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Getting Right To The Consumer

SCI-TECH SCENE | WebCollage helps manufacturers control how their products are presented on retail sites

July 25, 2007

BY SANDRA GUY Sun-Times Columnist

Abt Electronics, the Glenview retailer that has thrived amid brutal competition that has felled bigger electronics stores, is updating its Web site with lifelike demonstrations and detailed advice about what to buy.

"This technology gives customers the ability to see 3D modeling, video clips on a product's benefits, and the ability to zoom in and out to look at products," said Jon Abt, of the family-owned and operated Abt Electronics.

"We want our Web site to be more interactive, and feel more like a store experience," said Abt, whose family's Glenview store is anything but a typical retail store. Customers are served cookies and coffee on weekends, and treated to bubble machines, interactive butterfly displays and a water fountain that bursts with a musical and light show every 30 minutes.

Jon Abt views the company's Web site at the Abt store in Glenview. Visitors to the site can get information from the manufacturers of products they might be interested in, like Sony's e-reader.
Jon Abt views the company's Web site at the Abt store in Glenview. Visitors to the site can get information from the manufacturers of products they might be interested in, like Sony's e-reader. (John J. Kim/Sun-Times)

Abt is using software from WebCollage, a New York-based company, to supplement the content its own designers and copywriters post to the Web site, or

WebCollage extracts the voluminous data that manufacturers keep about the products they make, changes it to suit a retailer's Web site, and automatically uploads into the retailer's site through a single line of HTML code.

The setup saves the retailer from having to maintain updated content on its Web site, and it gives manufacturers an outlet to get their information to shoppers in an attractive, attention-getting format.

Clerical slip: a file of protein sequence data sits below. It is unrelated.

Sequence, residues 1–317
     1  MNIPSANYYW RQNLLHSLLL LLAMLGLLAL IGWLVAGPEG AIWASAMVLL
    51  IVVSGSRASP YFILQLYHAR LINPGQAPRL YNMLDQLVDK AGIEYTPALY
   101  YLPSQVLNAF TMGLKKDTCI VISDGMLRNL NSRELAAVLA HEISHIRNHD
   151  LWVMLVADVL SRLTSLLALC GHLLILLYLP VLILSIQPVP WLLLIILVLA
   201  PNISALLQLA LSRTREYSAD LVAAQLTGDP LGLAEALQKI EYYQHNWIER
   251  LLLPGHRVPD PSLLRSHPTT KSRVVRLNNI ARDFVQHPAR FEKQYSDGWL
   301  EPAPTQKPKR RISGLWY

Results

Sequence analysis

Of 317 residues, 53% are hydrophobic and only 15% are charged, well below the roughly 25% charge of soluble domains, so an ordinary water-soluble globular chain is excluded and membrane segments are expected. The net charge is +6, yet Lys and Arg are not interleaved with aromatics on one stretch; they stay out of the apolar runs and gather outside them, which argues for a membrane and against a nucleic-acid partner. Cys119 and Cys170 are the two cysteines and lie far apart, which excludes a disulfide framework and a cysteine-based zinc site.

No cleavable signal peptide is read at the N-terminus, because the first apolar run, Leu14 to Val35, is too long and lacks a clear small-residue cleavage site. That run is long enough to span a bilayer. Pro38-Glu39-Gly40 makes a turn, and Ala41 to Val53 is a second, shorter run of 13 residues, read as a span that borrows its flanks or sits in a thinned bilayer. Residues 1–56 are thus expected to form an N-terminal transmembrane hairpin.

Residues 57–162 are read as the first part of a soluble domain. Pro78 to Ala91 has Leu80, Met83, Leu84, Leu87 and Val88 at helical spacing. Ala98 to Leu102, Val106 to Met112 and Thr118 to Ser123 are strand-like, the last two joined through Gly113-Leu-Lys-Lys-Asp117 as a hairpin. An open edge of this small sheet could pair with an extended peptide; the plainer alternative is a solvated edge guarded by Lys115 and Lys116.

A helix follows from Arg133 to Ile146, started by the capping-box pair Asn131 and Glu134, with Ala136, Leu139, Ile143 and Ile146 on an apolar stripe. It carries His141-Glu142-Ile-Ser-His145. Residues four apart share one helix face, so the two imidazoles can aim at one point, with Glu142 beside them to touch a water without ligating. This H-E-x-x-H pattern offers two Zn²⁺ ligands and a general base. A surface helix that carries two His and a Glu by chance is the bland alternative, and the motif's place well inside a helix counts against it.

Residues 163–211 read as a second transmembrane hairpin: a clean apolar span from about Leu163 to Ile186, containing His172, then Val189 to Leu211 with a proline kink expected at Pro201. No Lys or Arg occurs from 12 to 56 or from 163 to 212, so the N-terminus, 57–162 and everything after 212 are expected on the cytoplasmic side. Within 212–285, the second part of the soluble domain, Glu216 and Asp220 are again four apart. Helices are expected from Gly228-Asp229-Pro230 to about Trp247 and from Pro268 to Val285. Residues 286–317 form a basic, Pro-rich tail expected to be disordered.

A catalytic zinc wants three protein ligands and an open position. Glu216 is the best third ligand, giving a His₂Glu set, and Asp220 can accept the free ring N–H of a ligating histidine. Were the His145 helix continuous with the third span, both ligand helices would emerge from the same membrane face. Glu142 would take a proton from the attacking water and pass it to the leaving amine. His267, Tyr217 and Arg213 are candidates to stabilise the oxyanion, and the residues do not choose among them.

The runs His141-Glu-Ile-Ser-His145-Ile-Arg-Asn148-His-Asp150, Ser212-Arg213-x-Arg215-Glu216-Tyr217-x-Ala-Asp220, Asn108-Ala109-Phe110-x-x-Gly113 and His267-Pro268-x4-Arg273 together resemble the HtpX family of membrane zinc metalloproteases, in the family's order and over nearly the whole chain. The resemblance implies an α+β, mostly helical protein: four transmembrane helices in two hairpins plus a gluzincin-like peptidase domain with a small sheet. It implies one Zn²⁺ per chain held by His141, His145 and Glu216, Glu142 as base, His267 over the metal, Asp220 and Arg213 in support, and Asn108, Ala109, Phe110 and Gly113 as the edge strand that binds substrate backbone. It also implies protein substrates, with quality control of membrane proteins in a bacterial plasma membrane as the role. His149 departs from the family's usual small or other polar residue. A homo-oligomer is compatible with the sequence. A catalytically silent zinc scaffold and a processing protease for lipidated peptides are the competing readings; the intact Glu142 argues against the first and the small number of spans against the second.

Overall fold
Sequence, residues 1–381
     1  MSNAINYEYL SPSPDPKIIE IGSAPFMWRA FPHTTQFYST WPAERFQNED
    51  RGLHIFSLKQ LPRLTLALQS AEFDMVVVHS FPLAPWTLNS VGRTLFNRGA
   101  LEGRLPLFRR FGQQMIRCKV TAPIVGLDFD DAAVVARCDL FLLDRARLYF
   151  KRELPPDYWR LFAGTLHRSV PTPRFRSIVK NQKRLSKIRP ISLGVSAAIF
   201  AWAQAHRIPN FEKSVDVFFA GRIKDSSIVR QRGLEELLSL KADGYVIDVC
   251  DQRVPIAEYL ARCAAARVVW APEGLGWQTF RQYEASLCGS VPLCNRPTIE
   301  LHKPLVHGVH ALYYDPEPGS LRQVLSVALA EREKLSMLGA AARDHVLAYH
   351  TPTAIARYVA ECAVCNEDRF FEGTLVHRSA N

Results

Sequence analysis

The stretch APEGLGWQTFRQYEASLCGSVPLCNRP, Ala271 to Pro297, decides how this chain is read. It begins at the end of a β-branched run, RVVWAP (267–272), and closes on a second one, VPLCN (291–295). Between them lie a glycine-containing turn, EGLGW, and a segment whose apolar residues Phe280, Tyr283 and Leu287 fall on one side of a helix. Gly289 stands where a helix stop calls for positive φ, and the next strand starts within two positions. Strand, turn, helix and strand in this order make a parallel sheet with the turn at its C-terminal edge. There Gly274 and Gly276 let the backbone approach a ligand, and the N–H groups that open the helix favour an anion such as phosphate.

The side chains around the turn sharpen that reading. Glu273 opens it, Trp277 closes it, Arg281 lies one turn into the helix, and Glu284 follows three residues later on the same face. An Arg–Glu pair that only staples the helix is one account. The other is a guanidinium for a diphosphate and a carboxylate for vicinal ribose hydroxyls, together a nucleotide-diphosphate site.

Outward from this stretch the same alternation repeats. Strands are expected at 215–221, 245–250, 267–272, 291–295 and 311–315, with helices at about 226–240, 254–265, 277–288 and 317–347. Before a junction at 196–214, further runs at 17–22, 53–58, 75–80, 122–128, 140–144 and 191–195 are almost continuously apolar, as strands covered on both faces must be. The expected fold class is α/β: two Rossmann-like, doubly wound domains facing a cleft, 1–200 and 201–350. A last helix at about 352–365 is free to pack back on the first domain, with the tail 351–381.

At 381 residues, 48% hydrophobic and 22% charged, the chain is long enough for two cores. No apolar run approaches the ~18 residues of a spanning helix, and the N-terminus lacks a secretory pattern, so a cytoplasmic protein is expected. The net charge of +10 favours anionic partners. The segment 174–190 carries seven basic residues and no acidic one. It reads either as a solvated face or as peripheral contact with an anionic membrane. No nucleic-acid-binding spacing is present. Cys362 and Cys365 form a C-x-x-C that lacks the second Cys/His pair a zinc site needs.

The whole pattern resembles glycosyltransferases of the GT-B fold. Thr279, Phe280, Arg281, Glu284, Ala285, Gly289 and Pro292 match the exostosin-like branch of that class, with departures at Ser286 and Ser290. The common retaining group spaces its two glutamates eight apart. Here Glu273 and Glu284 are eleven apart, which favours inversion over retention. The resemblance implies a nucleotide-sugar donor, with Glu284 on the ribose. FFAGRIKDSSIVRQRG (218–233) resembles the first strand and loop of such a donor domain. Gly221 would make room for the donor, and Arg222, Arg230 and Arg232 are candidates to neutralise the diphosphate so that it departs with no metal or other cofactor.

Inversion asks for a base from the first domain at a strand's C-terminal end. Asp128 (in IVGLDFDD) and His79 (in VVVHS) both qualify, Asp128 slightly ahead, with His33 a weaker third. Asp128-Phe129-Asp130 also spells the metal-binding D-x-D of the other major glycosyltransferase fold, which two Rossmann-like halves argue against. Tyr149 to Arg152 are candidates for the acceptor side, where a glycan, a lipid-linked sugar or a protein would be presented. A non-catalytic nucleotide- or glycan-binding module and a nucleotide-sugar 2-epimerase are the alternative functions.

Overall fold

"Manufacturers are investing millions of dollars in creating great content on their products, including highlighting features, keeping specifications updated, and explaining the difference in various versions," said Jed Alpert, vice president of marketing for WebCollage.

WebCollage charges the manufacturers $250,000 a year to insert their merchandise content into retailers' Web sites in a process that's invisible to shoppers. The fee can vary depending on the amount of content. Retailers obtain the data free of charge.

WebCollage's revenues doubled last year, and stand at eight figures.

WebCollage counts 75 manufacturers as customers, including Sony, Logitech, Kodak and TomTom, and has seen retailers' online sales jump from 6 percent to 15 percent after introducing the richer content.

Sony's new electronic book, called an e-reader portable reading system, comes alive with a demonstration on the Web site, Jon Abt said.

Online shoppers have started spending more time looking at product descriptions, and in-store sales have increased 1 to 8 percent, depending on the product, Abt said. About 65 percent of Abt's Chicago area customers look at the Web site before their store visits. Three-quarters of Abt's online sales come from outside the retailer's 100-mile-radius delivery area.

Sucharita Mulpuru, a senior analyst at Forrester Research, said the field of companies transitioning manufacturers' product data onto retailers' Web sites is small. It includes a company called SellPoint, which customizes manufacturers' data for retail Web sites.

"It's promising," she said. "More manufacturers are recognizing the value of communicating their information directly to customers while controlling the message as much as possible."

Abt, whose store houses brands such as Sony, Apple and Bang & Olufsen, is building a new design center on its property that's scheduled to open this fall. Eight retailers in the center will include faucet-maker Kohler and Viking Appliances, as well as as-yet-unnamed cabinet, granite and lighting companies.

How does Abt remain successful?

Jon Abt said, "It's an old-fashioned policy of treating the customer right, and using technology that assists us in doing that."

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